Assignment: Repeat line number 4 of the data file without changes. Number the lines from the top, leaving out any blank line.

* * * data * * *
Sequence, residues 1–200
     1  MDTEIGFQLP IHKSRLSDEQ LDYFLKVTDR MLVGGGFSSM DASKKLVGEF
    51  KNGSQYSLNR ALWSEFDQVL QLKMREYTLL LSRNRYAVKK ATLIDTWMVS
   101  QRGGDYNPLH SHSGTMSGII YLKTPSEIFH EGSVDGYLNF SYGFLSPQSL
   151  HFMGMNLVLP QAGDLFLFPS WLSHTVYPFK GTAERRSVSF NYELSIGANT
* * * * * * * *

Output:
   101  QRGGDYNPLH SHSGTMSGII YLKTPSEIFH EGSVDGYLNF SYGFLSPQSL